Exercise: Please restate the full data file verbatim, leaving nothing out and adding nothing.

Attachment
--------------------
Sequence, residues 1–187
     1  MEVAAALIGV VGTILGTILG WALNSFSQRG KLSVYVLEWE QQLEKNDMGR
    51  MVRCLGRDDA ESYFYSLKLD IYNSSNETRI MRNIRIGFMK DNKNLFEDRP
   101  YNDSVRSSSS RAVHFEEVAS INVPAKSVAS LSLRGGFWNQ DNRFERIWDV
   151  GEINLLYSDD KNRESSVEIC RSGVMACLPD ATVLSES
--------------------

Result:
Sequence, residues 1–187
     1  MEVAAALIGV VGTILGTILG WALNSFSQRG KLSVYVLEWE QQLEKNDMGR
    51  MVRCLGRDDA ESYFYSLKLD IYNSSNETRI MRNIRIGFMK DNKNLFEDRP
   101  YNDSVRSSSS RAVHFEEVAS INVPAKSVAS LSLRGGFWNQ DNRFERIWDV
   151  GEINLLYSDD KNRESSVEIC RSGVMACLPD ATVLSES